Seitaro Kuroda was born in 1939 in Osaka. In 1961, he began working at the Yoshio Hayakawa Design Office. From 1966 to 1969, he lived in New York. When he returned to Japan, he founded the design office K2 with Keisuke Nagatomo. Now, he is based in Kitakyushu City in Fukuoka Prefecture, where his atelier is located, and is active as a painter, illustrator, and graphic designer.
The Greatest Joy: Making Art to Discover Why He Likes Making Art
Kuroda is an energetic artist, his activities ranging from live painting performances to painting murals, creative workshops, and hospital art, both in Japan and overseas.
“Sometimes people ask me, ‘Why do you do so much?’ The answer is simple — I just love making art more than anything else. If you ask me why I like drawing, I couldn’t tell you exactly. In fact, that’s what I’d like to find out.”
He says he is drawing even while having this interview. “It’s always interesting,” he continues.
“Some ways of making artwork, like teaming up with an art dealer to make something that sells — I don’t think that’s interesting. I’ve been an artist for 50 years now, so it’s not as if I don’t know how the artists’ world goes round, but I don’t want to know about any of that. I want to focus just on the feeling that drawing is exciting, and keep it at that.”
Kuroda approaches each of his artworks one at a time, but his creative process also involves interactions with many artists and people of culture.
“Yes, I can draw”: The Eureka Moment
“First of all, a painting isn’t something you can make all by yourself, is it?” Kuroda points out. “I’ve been fortunate with meeting people,” he adds in a warm, gentle tone. “I was also lucky that I’ve always been a fan of Akiyuki Nosaka.”
Turning Nosaka’s book A Collection of War Fairy Tales (Sensō dōwa shu) into a picture book and adapting it for film left a deep impression on Kuroda.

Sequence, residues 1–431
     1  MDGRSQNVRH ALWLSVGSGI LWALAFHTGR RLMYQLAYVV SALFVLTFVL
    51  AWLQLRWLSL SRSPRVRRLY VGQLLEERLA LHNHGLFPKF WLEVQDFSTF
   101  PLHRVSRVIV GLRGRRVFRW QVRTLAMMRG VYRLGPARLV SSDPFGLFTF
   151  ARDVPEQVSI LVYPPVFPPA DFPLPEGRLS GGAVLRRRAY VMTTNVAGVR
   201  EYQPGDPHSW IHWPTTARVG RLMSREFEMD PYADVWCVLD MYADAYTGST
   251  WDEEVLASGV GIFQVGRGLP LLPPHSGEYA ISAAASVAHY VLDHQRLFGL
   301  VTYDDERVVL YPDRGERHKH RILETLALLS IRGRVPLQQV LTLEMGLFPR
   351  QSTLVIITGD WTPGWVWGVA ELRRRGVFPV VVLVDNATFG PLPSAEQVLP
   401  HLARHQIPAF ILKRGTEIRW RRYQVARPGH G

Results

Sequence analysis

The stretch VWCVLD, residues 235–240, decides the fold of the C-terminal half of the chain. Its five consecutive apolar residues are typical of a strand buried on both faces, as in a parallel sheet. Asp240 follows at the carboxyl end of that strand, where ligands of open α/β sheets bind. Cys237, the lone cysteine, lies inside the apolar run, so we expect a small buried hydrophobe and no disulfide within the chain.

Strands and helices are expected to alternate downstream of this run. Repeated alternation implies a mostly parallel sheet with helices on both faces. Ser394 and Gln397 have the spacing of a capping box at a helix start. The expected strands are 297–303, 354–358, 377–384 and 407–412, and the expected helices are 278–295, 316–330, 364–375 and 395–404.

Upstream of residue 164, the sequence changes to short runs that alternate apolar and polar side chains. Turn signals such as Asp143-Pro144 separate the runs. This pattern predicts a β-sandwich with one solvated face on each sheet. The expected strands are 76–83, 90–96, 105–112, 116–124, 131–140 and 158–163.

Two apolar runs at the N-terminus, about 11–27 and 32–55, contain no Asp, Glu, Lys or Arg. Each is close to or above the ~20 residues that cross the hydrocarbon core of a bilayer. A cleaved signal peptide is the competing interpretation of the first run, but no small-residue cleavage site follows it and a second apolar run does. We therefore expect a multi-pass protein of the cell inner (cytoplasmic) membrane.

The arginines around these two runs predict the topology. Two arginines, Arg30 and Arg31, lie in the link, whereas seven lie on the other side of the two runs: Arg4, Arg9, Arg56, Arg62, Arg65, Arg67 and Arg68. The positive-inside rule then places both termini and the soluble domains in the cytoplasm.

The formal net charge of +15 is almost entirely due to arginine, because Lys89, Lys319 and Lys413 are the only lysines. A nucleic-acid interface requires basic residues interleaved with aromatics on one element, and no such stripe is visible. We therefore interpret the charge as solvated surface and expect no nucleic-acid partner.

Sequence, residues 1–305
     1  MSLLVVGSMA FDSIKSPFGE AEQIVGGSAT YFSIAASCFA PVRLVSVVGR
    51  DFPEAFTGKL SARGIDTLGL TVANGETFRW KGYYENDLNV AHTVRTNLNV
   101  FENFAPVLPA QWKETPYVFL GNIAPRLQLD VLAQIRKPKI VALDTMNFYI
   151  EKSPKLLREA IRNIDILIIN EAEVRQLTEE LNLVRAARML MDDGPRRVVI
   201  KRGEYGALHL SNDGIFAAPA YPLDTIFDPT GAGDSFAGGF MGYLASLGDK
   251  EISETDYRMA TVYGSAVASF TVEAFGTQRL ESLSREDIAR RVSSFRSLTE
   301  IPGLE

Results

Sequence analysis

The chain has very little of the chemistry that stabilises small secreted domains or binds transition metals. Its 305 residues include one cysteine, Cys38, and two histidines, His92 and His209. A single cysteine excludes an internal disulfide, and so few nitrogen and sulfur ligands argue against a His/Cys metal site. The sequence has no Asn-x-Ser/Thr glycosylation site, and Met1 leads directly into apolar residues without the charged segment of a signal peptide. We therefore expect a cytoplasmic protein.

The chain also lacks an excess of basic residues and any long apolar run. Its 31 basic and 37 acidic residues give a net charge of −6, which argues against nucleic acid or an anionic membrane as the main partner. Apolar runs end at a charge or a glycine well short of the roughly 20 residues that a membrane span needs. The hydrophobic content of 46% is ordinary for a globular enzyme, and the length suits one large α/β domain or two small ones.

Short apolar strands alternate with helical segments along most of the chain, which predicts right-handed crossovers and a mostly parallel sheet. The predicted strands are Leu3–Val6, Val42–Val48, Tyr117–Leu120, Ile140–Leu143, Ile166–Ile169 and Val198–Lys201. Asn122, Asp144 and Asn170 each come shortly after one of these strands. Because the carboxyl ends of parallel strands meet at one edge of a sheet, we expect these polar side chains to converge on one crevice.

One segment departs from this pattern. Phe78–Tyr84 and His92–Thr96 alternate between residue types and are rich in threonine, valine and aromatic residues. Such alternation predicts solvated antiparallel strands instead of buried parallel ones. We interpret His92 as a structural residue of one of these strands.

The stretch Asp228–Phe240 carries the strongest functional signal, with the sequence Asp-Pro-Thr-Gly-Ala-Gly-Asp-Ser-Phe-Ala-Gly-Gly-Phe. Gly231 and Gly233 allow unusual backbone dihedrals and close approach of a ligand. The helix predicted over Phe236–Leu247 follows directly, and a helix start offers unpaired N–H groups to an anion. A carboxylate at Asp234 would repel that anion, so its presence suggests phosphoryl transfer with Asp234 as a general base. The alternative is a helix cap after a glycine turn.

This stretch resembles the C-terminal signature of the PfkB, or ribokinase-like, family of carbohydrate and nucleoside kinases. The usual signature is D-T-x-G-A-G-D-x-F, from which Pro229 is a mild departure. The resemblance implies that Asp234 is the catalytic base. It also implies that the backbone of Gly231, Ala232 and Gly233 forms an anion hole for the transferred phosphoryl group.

“A Collection of War Fairy Tales is about life. All animals except humans only hunt other animals in order to eat. Why do humans kill each other in war? A human is merely a living creature that is born, then dies. That’s what Nosaka-san tells us.”
Kuroda was 52 years old when he came across Nosaka’s book. “At the time, I heard the then-prime minister Keizo Obuchi announce, ‘50 years have passed since the war. Let’s start talking about other topics than war.’ I wondered, ‘Why?’ Right around then, I stumbled across Nosaka-san’s A Collection of War Fairy Tales at the Kinokuniya bookshop in New York.”
Back then, Kuroda was working at a school where students included the children of United Nations personnel. When he asked the elementary school students whether they are learning about war, they replied, “Of course.”
Kuroda felt concerned that “if things keep going at this rate, children in Japan might grow up without ever learning about war.” That was when Nosaka’s War Fairy Tales came to his mind, and an idea hit him like a revelation.
“A signal came to me, somewhere in my body, telling me to ‘turn it into a picture book’. I thought, ‘That’s right, I can draw.’”
Then in 1955, the Great Hanshin Earthquake occurred. “It was a major disaster, a life or death situation. Nosaka-san and I went to the affected areas. Because it was a matter of life.” Nosaka had a profound influence on Kuroda’s way of thinking about life and things in general.
“Now, I understand drawing pictures and performing music as an act to try to understand life,” says Kuroda. When asked what else he is engrossed in, he answers, “Living.”
Nature Teaches Us about Art and Music
Live painting is part of his life’s work, and Kuroda wants to convey the joy of drawing to children through his performances.
“I hope to give them an opportunity to discover just how fun art and music is,” he explains. “My commitment to this shares common ground with what I said about art, that ‘to draw is to try to understand life.’”
He continues, “When I observe nature closely, I can’t help but feel that it’s teaching us about art and music. Even now, when I look up, I see the mountains on the opposite bank, and the dense, towering cloud spreading beyond them. And beyond that there’s the Kanmon Straits with the Kanmon Bridge over it, said to be one of the most prominent bridges in Japan — but even that, to me, looks weak and feeble.”
“Without the sun, we can’t see anything. In painting, we use colours that we’ve learnt from the seven colours of the rainbow that the sun creates. Musical scores are made by the sensual perception of sounds in nature, like the wind or the waves. No matter how great the artist, every piece of art is born of nature. I hope to talk to the children about things like that,” he concludes.
Kuroda’s artwork, like an ode to humanity, shines with the brilliance of life. Our conversation with him made us realise how his art springs from his own sensibility and philosophy that hold a steadfast respect for nature and human beings.